API testing isn’t easy, and there are many different ways in which a bad API can cause catastrophic harm to an organization. We will dive into best practices and details a little later, but let’s quickly run through what we’re talking about when it comes to continuous testing.
As a reference point, this is what a normal HTTP based REST API, with a JSON output looks like. Each of these types of testing are part of a continuous testing strategy. They cover a good amount, and we do our best to explain them, but keep in mind terminology and definitions are always evolving.
Looking at the API above, you see a payload with various objects. The first item you should be testing is that the API responds as expected from a functional standpoint.
This means every object exists, and the responses are within expected ranges. For example the quantity object should always be a whole number. There can’t be .5 baseball caps.
Validating Business Logic
Imagine you are an ecommerce company with a product API, similar to the one we shared. First, you should be testing that each product has all the objects it expects.
The next layer is where skill and creativity in test creation are required. Let’s say that you search for ‘red’ and you receive both shoes and pants. Now all products should contain a size object, but they are very different size ranges. Adding the intelligence to a test that says, “If this is a pair of shoes, size should be between 4 and 17.” That is business logic validation. This is where you need a skilled team that knows the expectations of the API, and how to manipulate and validate them.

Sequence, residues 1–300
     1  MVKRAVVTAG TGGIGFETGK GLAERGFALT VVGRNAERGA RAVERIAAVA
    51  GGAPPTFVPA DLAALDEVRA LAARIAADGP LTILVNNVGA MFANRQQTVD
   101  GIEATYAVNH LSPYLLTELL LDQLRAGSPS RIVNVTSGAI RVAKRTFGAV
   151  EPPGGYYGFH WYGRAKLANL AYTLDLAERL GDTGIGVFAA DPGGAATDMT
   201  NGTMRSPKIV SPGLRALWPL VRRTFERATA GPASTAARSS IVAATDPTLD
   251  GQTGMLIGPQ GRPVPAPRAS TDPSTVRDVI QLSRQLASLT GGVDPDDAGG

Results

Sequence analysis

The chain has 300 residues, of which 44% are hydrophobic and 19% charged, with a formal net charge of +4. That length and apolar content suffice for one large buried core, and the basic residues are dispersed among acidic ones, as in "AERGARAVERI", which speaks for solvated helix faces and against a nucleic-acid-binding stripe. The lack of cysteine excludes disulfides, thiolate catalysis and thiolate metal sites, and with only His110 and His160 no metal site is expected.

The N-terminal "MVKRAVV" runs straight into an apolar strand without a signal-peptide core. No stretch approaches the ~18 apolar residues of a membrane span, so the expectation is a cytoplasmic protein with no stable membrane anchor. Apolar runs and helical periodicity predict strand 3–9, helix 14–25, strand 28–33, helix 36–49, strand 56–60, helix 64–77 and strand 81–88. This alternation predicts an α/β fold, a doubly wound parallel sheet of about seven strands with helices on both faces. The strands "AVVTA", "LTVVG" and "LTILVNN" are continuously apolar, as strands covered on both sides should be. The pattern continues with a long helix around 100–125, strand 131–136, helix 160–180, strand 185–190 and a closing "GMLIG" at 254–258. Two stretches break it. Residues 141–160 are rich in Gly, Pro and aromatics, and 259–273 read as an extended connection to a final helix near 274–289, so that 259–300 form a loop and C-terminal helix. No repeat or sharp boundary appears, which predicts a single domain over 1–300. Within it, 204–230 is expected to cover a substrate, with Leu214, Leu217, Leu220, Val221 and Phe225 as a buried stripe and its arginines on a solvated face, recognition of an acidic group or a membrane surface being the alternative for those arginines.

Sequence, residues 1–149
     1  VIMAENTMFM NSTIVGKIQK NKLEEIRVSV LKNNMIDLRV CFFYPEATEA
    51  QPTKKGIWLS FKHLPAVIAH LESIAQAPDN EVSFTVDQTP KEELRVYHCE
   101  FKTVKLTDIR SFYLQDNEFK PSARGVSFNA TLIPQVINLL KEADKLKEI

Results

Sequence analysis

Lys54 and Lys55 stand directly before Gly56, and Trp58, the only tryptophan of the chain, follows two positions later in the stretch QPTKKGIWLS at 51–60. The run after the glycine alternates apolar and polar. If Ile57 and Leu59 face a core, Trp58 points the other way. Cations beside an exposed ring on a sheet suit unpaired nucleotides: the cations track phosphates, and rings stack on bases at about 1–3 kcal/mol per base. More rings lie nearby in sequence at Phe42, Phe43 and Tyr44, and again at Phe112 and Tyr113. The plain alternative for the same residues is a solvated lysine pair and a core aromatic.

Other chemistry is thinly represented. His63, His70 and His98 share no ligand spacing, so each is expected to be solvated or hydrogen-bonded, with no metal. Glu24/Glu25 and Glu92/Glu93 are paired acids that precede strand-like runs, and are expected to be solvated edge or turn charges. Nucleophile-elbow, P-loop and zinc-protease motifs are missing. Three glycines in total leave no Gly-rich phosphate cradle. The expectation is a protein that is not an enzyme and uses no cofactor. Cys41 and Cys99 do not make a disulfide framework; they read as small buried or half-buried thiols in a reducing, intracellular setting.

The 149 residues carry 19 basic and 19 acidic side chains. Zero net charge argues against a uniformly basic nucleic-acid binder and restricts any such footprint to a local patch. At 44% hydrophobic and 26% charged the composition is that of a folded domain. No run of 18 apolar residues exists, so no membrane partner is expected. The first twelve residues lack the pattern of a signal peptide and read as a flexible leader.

End-to-End / Integration Testing
APIs are meant to interact with one another, and that flow has to work in its entirety. By creating proper integration tests you can validate flows that resemble actual users behaviors. For example, creating a single test that can
Search > Pick a Size > Add to Cart> Checkout
For many companies that entire flow can be done on the API level, and should be. This allows you to confirm that when you add a product to cart, it actually works.
Monitoring is probably the most valuable, and yet underused, type of testing. APIs issues are often only found in live environments when using live data.
The goal of a proper monitoring strategy is to go beyond measuring uptime, but also measuring functional uptime. An API can return a statuscode of 200 and still be failing. We have even seen APIs built so that even when there is an error it returns as a 200. What’s important to note is that you can use existing functional tests as your monitor. With the right platform choice, you can schedule them to run against live environments in certain intervals. Then use that monitoring to have a real-time status page across departments.
This is fairly easy to understand. Make sure your APIs perform when under the stress of a lot of users. This can help find memory leaks, or under performing databases.
It’s also important, again, to use existing tests as your load tests. You will never have 10,000 concurrent users only performing a single call. They will perform different types of calls, or a series of calls with some randomness. Use existing functional and end-to-end tests.
Ultimately, continuous testing means leveraging all of these types of tests, automatically. A constant series of functional and non-functional (performance) tests to constantly validate your APIs.